The Ocean at the End of the Lane

The Ocean at the End of the Lane

Neil Gaiman’s new novel, The Ocean at the End of the Lane, is out. It sounds so mouthwateringly good that I might even buy a copy new, rather than wait for it to show up in my local charity shop.

The Wheeler Centre for Books, Writing, and Ideas, is a literary and publishing centre in Melbourne, where he recently gave a talk and read from the book. I like this Wheeler Centre, and I like the interviewer, a woman with the fetching name of Alicia Sometimes. It’s an Antipodean TED, only much more interesting because of the Australian attitude. TED tends toward the bland and corporate. I might dump the occasional TED Talks feature in favour of the Wheeler Centre videos.

And here’s Neil.

Doctor Who: Nightmare in Silver (7.2.7)

Nightmare in Silver Poster

BBC Doctor Who Website

The Doctor: Impossible girl. Mystery wrapped in an enigma, squeezed into a skirt that’s just a little too tight.

A family outing for Clara and her two charges, Artie and Angie, in this Neil Gaiman episode. Pity the greatest theme park in the universe is now abandoned, and the Cyberiad is using the place as a recruiting ground, after being almost wiped out in the last battle with the Empire. It’s almost a given that the Doctor never ends up in the place he intends to get to.

But the kids love it, especially the moon landing exhibit with the artificial gravity gizmo. Even the hard to please Angie grudgingly confesses that it’s all right. For a member of his school chess club, though, Artie really shouldn’t have fallen for the Fool’s Mate in his match against a supposedly defunct cyberman. Who is in fact operated by the AWOL Emperor, known as Porridge.

Chess is the metaphor in the battle against the cybermen, who can now run fast and upgrade themselves on the fly. Both players are the Doctor, part of him an upgraded Cyber Planner, held at bay only by the original Doctor’s threat to regenerate and destroy all the nasty implants. Great opportunity to show the Cyber Planner all the previous Doctors. Cyber Planner even tries to do impressions of Christopher Ecclestone and David Tennant. He has an engagingly quirky sense of humour, as you would expect from someone sharing the Doctor’s mind.

While the Doctor is making the moves in the meta-game, the pieces are represented by Clara’s rag-tag punishment detail of Imperial troops, and an army of bright, fast, shiny cybermen. They’ve been kidnapping visitors to Webley’s World of Wonders and upgrading them, which has led to its demise as a wonderful place for a family holiday.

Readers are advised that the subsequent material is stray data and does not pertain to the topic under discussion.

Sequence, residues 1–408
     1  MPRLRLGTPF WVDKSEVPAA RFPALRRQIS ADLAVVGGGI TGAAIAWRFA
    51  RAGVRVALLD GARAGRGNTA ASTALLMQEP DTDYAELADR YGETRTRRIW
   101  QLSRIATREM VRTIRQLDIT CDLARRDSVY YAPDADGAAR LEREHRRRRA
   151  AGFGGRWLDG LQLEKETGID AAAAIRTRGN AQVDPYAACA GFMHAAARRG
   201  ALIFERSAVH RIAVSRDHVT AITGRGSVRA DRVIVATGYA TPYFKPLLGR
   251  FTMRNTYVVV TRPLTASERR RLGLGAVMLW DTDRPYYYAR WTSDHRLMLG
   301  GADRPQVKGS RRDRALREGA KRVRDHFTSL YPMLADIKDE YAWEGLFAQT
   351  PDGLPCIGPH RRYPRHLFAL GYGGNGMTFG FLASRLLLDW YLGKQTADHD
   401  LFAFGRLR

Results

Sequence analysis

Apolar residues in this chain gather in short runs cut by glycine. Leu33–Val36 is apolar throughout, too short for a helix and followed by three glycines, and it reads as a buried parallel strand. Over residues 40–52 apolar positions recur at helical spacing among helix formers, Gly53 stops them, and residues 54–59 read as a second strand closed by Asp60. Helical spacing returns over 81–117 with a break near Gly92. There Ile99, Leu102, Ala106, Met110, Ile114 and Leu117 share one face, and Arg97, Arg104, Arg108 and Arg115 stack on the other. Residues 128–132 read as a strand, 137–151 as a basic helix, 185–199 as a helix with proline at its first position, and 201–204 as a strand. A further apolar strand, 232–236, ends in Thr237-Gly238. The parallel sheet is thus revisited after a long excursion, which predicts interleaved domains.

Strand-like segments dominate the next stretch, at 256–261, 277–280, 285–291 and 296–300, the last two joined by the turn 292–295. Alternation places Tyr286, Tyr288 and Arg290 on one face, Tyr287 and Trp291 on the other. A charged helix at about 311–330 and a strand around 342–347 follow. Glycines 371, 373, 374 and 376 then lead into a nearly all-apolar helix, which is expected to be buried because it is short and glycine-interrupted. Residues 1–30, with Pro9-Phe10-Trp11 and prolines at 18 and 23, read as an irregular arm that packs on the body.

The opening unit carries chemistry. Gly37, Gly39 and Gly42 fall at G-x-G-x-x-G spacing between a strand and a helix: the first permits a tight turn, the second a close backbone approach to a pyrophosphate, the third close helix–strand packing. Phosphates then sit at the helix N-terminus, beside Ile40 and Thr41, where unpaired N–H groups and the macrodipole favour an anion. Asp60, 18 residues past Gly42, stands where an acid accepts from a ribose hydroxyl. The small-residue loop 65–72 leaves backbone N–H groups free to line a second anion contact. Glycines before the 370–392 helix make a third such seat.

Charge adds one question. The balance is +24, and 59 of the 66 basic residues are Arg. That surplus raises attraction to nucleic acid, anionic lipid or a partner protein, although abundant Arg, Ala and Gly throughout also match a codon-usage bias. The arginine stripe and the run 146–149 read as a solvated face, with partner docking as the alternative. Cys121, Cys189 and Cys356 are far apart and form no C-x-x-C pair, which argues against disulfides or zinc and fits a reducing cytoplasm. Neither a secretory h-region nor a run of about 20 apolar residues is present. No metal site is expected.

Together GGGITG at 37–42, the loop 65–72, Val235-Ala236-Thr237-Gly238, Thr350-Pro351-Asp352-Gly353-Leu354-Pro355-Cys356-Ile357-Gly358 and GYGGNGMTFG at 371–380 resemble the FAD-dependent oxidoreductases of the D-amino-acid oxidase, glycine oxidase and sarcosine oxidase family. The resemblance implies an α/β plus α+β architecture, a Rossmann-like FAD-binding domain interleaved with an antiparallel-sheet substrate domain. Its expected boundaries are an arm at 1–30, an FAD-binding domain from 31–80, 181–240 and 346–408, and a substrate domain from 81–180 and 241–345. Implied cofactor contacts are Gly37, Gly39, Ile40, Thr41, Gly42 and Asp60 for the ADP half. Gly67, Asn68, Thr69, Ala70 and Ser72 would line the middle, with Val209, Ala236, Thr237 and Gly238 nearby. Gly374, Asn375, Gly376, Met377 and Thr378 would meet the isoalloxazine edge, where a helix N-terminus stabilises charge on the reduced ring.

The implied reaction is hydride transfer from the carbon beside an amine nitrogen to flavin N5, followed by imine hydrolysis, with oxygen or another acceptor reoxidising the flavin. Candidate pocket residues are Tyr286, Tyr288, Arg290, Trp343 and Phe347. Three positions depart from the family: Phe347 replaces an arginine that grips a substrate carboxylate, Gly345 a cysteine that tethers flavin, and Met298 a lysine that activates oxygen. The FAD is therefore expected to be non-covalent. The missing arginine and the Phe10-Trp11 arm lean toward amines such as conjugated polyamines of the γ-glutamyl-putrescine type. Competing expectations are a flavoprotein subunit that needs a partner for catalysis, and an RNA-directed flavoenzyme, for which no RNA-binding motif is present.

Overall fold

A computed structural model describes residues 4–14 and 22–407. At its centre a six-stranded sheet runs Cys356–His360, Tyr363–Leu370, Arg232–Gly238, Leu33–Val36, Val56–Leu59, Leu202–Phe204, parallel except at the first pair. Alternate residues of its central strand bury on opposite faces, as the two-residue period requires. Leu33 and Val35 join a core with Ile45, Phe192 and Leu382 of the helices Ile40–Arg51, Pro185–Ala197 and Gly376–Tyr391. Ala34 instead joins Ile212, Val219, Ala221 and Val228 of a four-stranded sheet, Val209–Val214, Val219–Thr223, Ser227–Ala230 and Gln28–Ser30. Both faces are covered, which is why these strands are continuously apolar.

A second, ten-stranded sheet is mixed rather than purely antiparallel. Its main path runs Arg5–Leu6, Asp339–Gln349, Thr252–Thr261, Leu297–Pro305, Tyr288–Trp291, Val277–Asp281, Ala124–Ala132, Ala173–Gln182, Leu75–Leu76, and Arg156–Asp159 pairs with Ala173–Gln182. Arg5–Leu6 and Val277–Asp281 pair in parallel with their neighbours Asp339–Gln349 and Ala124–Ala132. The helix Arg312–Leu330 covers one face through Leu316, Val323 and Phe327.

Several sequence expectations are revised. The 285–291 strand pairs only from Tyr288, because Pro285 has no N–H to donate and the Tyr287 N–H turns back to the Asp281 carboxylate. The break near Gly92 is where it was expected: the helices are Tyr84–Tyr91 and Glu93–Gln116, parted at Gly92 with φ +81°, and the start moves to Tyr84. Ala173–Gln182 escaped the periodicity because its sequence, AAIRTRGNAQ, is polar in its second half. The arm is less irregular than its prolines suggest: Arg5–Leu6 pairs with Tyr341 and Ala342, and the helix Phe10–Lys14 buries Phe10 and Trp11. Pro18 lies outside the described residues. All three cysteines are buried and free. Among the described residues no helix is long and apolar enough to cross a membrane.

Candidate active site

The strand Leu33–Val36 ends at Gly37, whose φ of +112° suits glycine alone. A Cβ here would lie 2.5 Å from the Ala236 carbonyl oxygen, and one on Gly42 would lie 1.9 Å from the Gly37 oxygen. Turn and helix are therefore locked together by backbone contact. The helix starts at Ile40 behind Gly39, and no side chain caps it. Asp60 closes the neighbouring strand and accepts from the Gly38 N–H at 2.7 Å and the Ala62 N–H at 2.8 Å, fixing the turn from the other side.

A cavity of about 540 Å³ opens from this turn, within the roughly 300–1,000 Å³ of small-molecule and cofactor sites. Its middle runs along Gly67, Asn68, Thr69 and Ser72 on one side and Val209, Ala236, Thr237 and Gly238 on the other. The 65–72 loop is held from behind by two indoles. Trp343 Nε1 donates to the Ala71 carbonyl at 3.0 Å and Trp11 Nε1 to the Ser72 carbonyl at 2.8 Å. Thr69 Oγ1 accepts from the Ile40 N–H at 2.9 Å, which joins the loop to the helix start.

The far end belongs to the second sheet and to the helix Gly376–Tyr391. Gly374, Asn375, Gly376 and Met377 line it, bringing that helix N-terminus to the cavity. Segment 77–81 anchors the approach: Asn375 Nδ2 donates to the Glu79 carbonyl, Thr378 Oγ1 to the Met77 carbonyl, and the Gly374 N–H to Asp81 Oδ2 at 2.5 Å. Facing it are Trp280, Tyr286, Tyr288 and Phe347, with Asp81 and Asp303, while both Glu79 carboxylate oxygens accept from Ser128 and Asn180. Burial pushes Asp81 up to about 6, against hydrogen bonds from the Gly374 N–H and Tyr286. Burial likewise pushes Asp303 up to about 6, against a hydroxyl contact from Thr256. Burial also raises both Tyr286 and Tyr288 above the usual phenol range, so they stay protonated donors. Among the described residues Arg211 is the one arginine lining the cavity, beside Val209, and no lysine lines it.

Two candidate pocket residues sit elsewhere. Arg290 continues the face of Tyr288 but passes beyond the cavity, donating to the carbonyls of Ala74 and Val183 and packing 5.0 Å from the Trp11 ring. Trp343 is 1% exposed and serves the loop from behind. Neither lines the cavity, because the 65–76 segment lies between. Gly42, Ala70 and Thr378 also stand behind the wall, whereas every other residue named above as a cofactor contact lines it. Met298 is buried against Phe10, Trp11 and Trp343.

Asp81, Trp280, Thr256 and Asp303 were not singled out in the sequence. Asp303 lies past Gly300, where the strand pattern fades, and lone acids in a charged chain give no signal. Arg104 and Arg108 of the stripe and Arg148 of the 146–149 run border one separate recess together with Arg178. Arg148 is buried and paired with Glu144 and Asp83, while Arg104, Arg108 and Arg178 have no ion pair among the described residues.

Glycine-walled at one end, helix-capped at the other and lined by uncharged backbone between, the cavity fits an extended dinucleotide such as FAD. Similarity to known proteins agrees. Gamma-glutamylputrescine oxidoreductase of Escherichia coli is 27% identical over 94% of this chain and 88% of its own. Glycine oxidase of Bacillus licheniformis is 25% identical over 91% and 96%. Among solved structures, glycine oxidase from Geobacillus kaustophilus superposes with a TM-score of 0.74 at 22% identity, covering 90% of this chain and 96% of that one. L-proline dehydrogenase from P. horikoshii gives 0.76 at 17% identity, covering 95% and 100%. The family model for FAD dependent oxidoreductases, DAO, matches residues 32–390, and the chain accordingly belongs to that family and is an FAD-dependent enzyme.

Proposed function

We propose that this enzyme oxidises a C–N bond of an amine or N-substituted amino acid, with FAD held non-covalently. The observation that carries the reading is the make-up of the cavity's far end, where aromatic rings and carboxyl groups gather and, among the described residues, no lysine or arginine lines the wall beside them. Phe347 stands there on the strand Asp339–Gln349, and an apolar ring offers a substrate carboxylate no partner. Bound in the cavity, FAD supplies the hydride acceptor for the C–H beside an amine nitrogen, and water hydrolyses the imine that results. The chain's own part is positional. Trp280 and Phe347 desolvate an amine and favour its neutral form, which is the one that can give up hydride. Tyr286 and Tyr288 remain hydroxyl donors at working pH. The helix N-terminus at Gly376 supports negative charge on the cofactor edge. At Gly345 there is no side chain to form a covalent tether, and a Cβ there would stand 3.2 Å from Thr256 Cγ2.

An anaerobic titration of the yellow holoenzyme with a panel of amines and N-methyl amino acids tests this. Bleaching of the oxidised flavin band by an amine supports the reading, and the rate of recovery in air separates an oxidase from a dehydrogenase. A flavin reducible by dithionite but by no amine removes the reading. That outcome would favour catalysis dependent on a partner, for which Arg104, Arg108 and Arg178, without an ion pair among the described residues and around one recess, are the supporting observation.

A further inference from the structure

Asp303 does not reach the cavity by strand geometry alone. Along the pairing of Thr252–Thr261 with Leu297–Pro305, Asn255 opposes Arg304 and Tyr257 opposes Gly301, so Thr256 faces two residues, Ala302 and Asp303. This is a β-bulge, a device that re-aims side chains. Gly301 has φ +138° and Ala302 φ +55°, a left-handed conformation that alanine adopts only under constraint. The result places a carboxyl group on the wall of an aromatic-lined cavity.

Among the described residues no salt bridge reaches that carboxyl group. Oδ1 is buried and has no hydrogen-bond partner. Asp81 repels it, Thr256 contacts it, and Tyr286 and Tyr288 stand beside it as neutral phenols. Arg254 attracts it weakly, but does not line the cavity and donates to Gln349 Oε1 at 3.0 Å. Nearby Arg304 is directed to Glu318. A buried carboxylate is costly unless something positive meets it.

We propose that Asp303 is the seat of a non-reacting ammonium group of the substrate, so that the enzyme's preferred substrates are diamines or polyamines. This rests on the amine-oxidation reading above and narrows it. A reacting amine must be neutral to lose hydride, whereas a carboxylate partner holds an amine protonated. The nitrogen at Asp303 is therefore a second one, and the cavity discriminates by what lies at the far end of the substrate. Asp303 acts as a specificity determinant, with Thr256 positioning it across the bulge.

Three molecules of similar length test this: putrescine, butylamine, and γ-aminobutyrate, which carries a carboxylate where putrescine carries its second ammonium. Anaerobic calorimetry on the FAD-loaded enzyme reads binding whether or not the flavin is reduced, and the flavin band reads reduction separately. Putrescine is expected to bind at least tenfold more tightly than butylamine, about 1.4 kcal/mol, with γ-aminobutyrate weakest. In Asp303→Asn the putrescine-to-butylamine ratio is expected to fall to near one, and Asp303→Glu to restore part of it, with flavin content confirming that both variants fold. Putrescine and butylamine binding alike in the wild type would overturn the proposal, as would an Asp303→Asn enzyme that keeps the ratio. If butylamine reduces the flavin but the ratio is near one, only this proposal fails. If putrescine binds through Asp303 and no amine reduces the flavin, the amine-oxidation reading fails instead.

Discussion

The end game is never in doubt. Clara’s army – she took to the whole commanding thing like a duck to water – is picked off one by one. Which is a shame because I was much taken by this bunch of misfits. The Doctor gives up his Queen to release Artie and Angie from cyber control. Then he bluffs Cyber Planner into using up all his computer processing resources to work out why it’s mate in three, thus halting the cyber army in its tracks. I seem to recall a Star Trek episode where Captain Kirk does the same thing to a defenceless computer.

All this leaves the Doctor free to zap himself with a hand pulser and knock the Cyber Planner out of his head. But the final mate takes Angie’s realisation that Porridge is in fact the Emperor, with the necessary code to destroy the planet. So they transmat up to his ship, the planet implodes, and the obligatory bit of cyber tech is left behind to ensure the survival of the cybermen for future episodes.

I like these upgraded silver machines. Just as zombies got a needed shot in the arm with 28 Days Later, and daleks learned to fly, so cybermen are now faster and meaner. I think there was even an implied reference to daleks in the episode.

Beautifully written, as you would expect from Neil Gaiman, and chockfull of character. The setting is perfect, redolent of abandoned amusement parks, with a dash of Victoriana in Webley and his eclectic collection of unrelated wonders. Porridge is a brilliantly complex character. He wears the depth of what you don’t know about him on his face, so it becomes entirely possible that he’s an Emperor on the run from the loneliness of power. And It’s great to see Artie and and Angie getting involved, just as Rose’s family and boyfriend were. I think this is indicative of the Doctor’s connection to Clara.

Which proceeds by leaps and bounds. There may be some truth under cover of Cyber Planner’s insincere blandishments. They do share the same mind.

Clara, I suppose I’m the only one who knows how I feel about you right now. How funny you are, so funny and pretty. And the truth is I’m starting to like you in a way that is more than just…

At which point Clara slaps him, as the Doctor hoped, on the the grounds that even if he did feel that way he’d never say it. As a test to see if he really is the Doctor, there’s this later exchange.

Clara: Do you think I’m pretty?
Doctor: No, you’re too short and bossy, and your nose is all funny.

Fair enough, but the Doctor is perhaps too eager to be involved in the resolution of the Emperor’s touching marriage proposal to Clara, as if he might have an interest. And right at the end, when Clara automatically assumes he’ll be there next Wednesday, the Doctor says this to himself. He’s a little shocked at the thought.

Impossible girl. Mystery wrapped in an enigma, squeezed into a skirt that’s just a little too tight.

I’m completely hooked on this story arc of finding out who Clara is, and discovering the nature of their relationship. Looking forward to the big revelation next week, something to do with the Doctor’s real name (which must never be spoken or Silence will fall). I imagine we’ll learn a lot more about Clara as well.